After her best friend dies from a drug overdose after a night with her, Megan Leavey has pretty much given up on life. Can’t hold a job, can’t interact with others, a broken family she doesn’t get on with, all leads to Megan enlisting in the U.S. Marine Corps. During a drunken night out after pass out parade, Megan is caught relieving herself outside the Provost Marshall’s quarters and is punished by being given clean up duties in the dog pound. Deciding that the dogs are something she wants to work with inspires Megan to pass all her exams with top honours and eventually she is assigned to the dog handling, along the way mind you she had to be the human decoy the dogs attacked and spent lots of time training with a box on a leash. When the dog Rex, a scary German shepherd, breaks its aggressive handler's arm in six places with a bite, Megan is assigned to Rex and they get posted out to Iraq. Once in Iraq we see Rex and Megan checking vehicles and citizens at checkpoints, doing sweeps of houses and finding caches of weapons, and eventually we see an IED explosion and a firefight. Injured Megan is sent home where she decides to not re-enlist and wants to adopt Rex. Despite her Purple Heart medal the Marine Corps won’t allow Rex to go home with Megan and reassign him a new handler and ship him off to Afghanistan. Megan really struggles with life after the military and after Rex but her father tells her she has to keep going despite how many times she may fail and so she starts actions to get Rex given to her. She doorsteps a U.S. Senator, she starts a petition, she makes news and television appearances and eventually, after Rex is retired, she is allowed to keep him.
This film is an emotional roller-coaster of a movie. Kate Mara as Megan is believable, I had seen some news footage and knew a little of Leavey’s story before the film was given to me, and the bond between Leavey and Rex was astonishing to see grow. The turmoil after Leavey is no longer a Marine is heart-breaking to watch, something I have personal experience with through family and friends in the military, and by the time you see a reunited Leavey and Rex at Yankee Stadium come the end of the film I was crying so hard I had to keep pausing the DVD. Yes the emotion of the love story between no-hoper and aggressive dog that changes both of them through the film probably would have set me off anyway, but it was the way the film was shot that broke me. Director Gabriela Cowperthwaite made a very good looking cinematic film right up to the point of the roadside IED that blows Megan and Rex up, and the following continuing mission and eventual firefight is filmed with such a shaky camera it immerses you in the heat of battle and builds a tension inside of you that by the time you realise they both alive, you are so convinced that something tragic has happened that your heart has already broken. Having known the overwhelming relief of my own father returning from Iraq, by the time Leavey was safe and you found out one her colleagues wasn’t so lucky I was an absolute mess.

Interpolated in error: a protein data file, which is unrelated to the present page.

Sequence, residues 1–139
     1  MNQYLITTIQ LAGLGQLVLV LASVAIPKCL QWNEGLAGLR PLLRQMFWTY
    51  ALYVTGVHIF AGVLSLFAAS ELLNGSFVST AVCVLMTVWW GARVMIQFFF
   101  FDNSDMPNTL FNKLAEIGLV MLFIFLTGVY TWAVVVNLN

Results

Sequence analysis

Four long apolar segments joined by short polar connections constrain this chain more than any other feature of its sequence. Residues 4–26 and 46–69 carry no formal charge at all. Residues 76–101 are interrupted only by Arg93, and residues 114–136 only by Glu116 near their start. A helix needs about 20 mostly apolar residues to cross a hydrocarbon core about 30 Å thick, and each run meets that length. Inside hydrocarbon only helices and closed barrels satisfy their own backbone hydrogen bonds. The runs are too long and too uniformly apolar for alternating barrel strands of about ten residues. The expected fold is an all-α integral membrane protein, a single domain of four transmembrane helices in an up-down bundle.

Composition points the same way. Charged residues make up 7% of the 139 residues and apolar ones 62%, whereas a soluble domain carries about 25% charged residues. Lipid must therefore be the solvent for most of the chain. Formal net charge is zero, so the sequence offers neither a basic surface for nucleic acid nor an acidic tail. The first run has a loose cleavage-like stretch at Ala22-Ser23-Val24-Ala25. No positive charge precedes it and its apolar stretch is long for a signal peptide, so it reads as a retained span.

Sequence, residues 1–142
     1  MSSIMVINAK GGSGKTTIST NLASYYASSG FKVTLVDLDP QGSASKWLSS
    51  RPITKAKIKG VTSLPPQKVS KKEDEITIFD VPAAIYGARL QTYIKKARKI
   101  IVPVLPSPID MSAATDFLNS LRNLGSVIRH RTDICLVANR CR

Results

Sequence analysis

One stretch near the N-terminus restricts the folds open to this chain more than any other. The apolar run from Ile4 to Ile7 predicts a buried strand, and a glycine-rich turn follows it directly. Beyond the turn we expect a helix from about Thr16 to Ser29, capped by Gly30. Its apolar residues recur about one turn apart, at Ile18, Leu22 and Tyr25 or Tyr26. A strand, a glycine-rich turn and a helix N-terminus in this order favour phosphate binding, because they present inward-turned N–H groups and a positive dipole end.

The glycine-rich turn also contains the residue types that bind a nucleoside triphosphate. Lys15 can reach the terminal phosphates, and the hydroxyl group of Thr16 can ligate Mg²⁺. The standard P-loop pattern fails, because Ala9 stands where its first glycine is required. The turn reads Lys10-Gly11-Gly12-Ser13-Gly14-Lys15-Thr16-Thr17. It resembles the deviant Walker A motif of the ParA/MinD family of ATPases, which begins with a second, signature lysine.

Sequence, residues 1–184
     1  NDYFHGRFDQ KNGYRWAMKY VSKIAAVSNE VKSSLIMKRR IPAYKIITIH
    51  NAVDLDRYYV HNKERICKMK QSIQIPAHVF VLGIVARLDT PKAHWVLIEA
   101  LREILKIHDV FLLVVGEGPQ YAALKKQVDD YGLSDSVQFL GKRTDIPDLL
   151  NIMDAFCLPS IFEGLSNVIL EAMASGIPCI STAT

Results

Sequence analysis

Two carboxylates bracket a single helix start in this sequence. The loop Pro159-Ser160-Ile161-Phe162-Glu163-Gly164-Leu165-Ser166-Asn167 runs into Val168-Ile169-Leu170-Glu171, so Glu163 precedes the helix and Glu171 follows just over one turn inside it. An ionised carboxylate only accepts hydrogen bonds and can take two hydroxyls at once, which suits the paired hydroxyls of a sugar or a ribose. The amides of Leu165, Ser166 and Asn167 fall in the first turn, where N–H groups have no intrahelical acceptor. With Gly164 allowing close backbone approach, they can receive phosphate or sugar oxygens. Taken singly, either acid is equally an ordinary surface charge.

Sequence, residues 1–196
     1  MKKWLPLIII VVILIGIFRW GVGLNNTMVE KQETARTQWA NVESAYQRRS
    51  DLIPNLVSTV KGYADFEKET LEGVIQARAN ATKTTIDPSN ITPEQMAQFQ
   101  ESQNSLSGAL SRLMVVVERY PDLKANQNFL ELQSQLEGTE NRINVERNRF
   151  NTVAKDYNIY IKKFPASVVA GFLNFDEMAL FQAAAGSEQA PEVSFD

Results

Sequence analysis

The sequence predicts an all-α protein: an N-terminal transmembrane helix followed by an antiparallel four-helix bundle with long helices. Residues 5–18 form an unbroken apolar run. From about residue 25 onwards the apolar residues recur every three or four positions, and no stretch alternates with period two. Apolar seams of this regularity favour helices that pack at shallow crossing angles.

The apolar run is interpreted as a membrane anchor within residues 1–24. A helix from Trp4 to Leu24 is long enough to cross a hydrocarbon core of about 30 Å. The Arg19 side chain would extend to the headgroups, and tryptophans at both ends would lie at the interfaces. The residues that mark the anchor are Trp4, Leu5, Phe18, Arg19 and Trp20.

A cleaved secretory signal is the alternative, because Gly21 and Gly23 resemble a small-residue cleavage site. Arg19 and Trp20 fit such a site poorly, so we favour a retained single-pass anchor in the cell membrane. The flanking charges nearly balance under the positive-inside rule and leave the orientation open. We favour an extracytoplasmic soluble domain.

Cowperthwaite was not a director I was at all familiar with, although great things have been said of her in our office with a lot of the team fans of her film Blackfish, and whilst I have a small complaint that the film went too fast at the start where we go from Megan the layabout to Corporal in Iraq far too quickly with very little build up, once you are in the war zone the story and the whole look of the film changes and engages you in a very human way to a situation that you can only begin to try and understand. The characters along the way are pretty well fleshed out and cast with known stars that add gravitas to the project; Bradley Whitford as Megan’s father Bob, Edie Falco as her mother Jackie, Will Patton as Jim the stepdad adding a level of intrigue to the family dynamic side of the story and Common as her Gunny, Ramon Rodriguez as her somewhat military boyfriend Morales and the wonderful Geraldine James as the evil villain vet adding a real sense of military to the war and base sections, allow the incredible performance of Kate Mara as Leavey to really shine. Mara is always impressive but to outshine the luminaries she is sharing the screen with was quite the feat and this makes you really sit up and take notice throughout the film which leads you on adventure you didn’t know you wanted. I’m not sure how much of an audience a true story about a war veteran and her dog will garner but I’ll bet it’s not a big enough one. The journey you take as a viewer is so overwhelming and full of sadness, the sense of utter betrayal, and joyful elements that as that viewer you are both exhausted and rewarded in equal measure come the end.
Rex is an emotional story, one not for the faint of heart, but so very worthwhile. A cast of fantastic actors at the top of their game are the driving force of a harrowing journey, but it is a German Shepherd, along with Kate Mara, that deserve all the plaudits. What a wonderfully fulfilling viewing experience.
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Image - Lionsgate
Lionsgate UK presents Rex on Digital Download 12th March and DVD 19th March